Greenberg has a two-documentary wish list he hopes to develop. “We’d love to do Beyond the Glory on Wilt Chamberlain and Billy Martin,” he says. “When people watch [documentaries] on one of those two bigger-than-life personalities, you get to hear from them in a completely different perspective.”

While viewers may remember ABC’s up-close-and-personal style and syndication’s Greatest Sports Legends, which ran from 1973 to 1993, longer-form sports documentaries never evolved into a broadcast television fixture .

“The networks were never really into it,” says HBO’s Greenburg. “They never felt there was an appetite from Madison Avenue and sponsorships and they probably don’t think it pulls in big enough ratings.”

He adds, “We’ll do cumulative ratings of 1.5 ratings and a 13% share and it will run over and over. That’s a successful program that leaves viewers walking away crying and laughing and bonding with the program. Then it’s available on demand and then on DVD. [The networks] are not in our business. This is our business model, our brand.”

The more solid sports documentaries you make, the more you create the brand and the buzz, but the subject must be strong, Greenburg says.

“We are very much devoted to journalism whether it’s investigated or enterprise for the sports viewer,” says David Berson, vice president of program, planning and promotion at ESPN. “We’ve been doing Outside the Lines for many years now and we get tremendous feedback from letters and e-mails.”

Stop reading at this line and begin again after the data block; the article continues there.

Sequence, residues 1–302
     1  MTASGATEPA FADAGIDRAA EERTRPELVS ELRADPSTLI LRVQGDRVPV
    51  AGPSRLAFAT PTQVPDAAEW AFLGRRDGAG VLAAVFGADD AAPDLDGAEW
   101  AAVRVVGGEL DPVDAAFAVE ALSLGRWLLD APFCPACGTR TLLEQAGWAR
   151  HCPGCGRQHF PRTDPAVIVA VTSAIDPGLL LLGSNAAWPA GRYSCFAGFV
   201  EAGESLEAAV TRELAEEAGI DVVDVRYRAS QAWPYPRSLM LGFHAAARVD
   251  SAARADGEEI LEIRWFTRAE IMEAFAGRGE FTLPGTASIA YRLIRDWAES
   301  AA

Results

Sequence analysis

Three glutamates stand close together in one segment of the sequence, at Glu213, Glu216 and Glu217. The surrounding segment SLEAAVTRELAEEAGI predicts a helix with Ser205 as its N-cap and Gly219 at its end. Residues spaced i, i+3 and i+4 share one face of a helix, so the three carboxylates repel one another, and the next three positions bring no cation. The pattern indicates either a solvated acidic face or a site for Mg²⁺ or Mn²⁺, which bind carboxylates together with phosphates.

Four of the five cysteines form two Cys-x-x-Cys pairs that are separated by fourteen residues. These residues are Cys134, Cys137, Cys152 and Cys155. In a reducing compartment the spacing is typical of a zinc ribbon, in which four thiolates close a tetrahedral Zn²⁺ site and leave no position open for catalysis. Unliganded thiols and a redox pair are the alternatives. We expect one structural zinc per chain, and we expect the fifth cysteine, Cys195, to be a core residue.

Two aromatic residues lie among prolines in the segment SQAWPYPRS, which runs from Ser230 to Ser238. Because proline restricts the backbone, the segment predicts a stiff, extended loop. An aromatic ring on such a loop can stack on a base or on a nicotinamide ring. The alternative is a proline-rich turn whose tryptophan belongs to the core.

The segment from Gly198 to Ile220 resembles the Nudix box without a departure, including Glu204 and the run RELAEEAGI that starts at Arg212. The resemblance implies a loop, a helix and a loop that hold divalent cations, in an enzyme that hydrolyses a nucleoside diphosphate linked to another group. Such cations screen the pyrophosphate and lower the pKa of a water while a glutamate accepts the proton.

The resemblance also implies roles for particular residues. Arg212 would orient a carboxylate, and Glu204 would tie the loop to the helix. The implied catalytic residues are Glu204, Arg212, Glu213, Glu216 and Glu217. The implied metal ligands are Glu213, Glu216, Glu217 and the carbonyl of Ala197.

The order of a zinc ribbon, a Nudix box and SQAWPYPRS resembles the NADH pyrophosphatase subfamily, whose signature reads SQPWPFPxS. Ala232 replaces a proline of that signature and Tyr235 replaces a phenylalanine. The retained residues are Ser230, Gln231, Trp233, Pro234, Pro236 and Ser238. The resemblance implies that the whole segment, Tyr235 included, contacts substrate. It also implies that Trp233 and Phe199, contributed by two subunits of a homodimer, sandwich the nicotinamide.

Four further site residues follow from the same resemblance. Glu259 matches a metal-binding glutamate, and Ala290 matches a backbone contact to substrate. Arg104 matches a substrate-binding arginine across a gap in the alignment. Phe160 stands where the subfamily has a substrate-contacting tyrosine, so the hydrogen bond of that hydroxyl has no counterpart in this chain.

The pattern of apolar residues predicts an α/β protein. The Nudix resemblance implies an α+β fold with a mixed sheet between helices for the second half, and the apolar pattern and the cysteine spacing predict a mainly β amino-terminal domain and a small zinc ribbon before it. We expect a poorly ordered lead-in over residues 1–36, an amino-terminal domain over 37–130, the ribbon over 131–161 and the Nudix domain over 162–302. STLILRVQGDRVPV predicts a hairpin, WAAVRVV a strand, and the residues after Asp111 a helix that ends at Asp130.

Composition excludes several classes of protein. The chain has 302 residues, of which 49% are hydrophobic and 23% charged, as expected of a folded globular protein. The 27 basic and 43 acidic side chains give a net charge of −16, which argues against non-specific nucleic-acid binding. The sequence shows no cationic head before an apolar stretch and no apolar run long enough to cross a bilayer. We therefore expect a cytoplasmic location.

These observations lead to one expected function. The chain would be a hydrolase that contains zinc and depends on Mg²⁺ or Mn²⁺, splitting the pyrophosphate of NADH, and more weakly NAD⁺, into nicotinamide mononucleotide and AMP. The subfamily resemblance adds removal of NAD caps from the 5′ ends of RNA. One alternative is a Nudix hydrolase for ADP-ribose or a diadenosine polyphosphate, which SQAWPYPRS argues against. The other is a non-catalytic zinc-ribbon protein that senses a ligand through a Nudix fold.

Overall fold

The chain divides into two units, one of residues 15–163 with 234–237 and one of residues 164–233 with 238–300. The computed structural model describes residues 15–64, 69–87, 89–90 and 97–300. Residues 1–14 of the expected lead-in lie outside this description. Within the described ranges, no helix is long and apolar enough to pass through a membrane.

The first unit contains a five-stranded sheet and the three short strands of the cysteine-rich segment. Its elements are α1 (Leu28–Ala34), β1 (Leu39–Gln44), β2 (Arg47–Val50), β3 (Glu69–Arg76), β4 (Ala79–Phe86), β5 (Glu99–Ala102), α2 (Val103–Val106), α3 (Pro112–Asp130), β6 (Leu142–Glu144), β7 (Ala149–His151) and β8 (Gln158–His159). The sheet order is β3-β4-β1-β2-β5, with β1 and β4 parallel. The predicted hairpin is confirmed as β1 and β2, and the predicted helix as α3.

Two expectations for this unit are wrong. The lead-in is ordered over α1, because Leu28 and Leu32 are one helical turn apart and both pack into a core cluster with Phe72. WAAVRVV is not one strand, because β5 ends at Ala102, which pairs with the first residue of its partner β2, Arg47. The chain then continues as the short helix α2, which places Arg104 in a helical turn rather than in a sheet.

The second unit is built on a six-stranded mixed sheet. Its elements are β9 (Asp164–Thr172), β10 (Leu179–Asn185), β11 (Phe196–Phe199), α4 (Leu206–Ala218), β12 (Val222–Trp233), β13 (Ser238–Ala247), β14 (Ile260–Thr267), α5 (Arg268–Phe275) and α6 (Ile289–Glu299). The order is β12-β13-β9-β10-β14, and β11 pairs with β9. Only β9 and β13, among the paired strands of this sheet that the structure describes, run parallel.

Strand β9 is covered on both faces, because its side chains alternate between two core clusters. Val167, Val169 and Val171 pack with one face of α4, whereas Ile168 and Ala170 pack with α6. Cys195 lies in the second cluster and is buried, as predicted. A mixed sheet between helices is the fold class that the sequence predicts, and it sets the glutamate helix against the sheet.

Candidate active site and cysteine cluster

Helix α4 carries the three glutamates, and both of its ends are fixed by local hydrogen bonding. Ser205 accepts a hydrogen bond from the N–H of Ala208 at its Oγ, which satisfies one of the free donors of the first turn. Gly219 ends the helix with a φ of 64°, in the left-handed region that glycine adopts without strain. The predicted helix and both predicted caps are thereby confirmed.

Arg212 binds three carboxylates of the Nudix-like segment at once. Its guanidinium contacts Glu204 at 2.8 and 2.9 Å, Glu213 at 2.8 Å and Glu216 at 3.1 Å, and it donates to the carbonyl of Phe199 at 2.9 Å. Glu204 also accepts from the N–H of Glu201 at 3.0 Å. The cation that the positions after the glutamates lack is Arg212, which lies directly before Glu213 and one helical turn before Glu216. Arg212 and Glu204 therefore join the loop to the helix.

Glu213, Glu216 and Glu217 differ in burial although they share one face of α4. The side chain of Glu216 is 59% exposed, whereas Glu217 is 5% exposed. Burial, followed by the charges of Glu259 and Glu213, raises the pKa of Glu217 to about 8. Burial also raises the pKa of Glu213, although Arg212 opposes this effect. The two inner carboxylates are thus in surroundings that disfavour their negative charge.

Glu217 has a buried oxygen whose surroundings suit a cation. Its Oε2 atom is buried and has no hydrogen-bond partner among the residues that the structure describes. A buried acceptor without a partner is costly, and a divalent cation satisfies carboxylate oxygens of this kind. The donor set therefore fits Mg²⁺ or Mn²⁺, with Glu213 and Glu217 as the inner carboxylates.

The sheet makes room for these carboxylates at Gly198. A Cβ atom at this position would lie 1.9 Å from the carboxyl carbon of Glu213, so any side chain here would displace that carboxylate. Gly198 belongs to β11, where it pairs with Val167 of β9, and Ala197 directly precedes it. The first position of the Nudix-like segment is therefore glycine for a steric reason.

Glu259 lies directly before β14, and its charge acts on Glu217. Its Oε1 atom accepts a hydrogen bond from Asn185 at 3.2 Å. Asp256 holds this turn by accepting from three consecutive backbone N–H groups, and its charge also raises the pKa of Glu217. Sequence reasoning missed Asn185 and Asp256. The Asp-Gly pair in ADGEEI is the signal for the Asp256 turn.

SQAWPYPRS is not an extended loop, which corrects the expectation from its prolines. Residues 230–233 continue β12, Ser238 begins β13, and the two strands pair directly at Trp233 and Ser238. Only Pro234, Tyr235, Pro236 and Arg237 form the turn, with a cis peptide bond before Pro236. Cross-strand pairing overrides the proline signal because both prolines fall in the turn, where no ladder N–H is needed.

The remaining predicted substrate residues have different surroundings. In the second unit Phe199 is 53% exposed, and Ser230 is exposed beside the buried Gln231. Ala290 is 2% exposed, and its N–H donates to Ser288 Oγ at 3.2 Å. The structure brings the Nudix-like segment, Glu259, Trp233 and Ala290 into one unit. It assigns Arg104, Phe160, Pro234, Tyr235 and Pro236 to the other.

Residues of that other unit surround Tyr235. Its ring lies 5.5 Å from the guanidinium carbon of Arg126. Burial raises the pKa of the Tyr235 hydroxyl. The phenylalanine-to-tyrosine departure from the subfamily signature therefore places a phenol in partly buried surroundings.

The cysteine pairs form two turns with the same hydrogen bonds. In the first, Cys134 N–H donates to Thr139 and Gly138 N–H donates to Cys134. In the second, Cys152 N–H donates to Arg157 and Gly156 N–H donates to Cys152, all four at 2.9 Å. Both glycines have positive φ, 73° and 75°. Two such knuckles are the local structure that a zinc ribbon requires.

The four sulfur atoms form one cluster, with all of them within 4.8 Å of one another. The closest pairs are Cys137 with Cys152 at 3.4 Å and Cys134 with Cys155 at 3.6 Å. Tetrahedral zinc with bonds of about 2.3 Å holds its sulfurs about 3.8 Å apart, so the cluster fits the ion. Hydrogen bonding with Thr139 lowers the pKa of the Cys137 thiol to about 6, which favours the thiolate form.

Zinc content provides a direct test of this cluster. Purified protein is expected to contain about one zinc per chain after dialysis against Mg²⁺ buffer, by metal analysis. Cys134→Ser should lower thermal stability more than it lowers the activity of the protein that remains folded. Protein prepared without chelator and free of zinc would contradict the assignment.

While it’s relatively easy to do a sports documentary on a long-deceased athlete, the contemporary documentaries can be more challenging because the topic is ever changing.

Dan Klores, who created Ring of Fire: The Emile Griffith Story for USA Network, had just completed a baseball documentary, Viva Baseball, on the struggles of Latino players. Three days later the Rafael Palmeiro bombshell hit: Palmeiro, a potential Hall of Famer with the rare combination of 3,000 hits and 500 home runs, received a suspension after testing positive for steroids under Major League Baseball’s new testing plan.

“I had Palmeiro leading to my conclusion point,” recalls Klores, head of Dan Klores Communications. Viva Baseball bows Sept. 23 on Spike TV. “He was only in it for six to eight seconds and the voiceover is on his 3,000th hit, which led to Roberto Clemente and his 3,000th hit. It took me 10 minutes to fix it by taking him out, but I can’t believe he was so stupid.”


Burns sees a clear reason why sports documentaries are clinging to the bosom of cable and not the networks.

“They left sports documentaries to those of us who are more willing to tell complicated stories about race and heroes,” he says. “Baseball, for instance, imitates American life with gambling, drugs and steroids, but if all you do is air dirty laundry, then you’re nothing more than a National Inquirer scandal sheet. There’s the good and bad. There’s the heroics of Cal Ripken Jr. and then there’s Jason Giambi.”

Tennis Channel loves the genre and is confident it will pay off, chairman and CEO Ken Solomon says. “If you do them well, people develop a taste for it and then you have a hit on your hands,” he says. “Then they become a franchise and create an appetite only we will be able to satisfy. It’s not about ratings in the beginning, but it’s about the ratings” in the future.”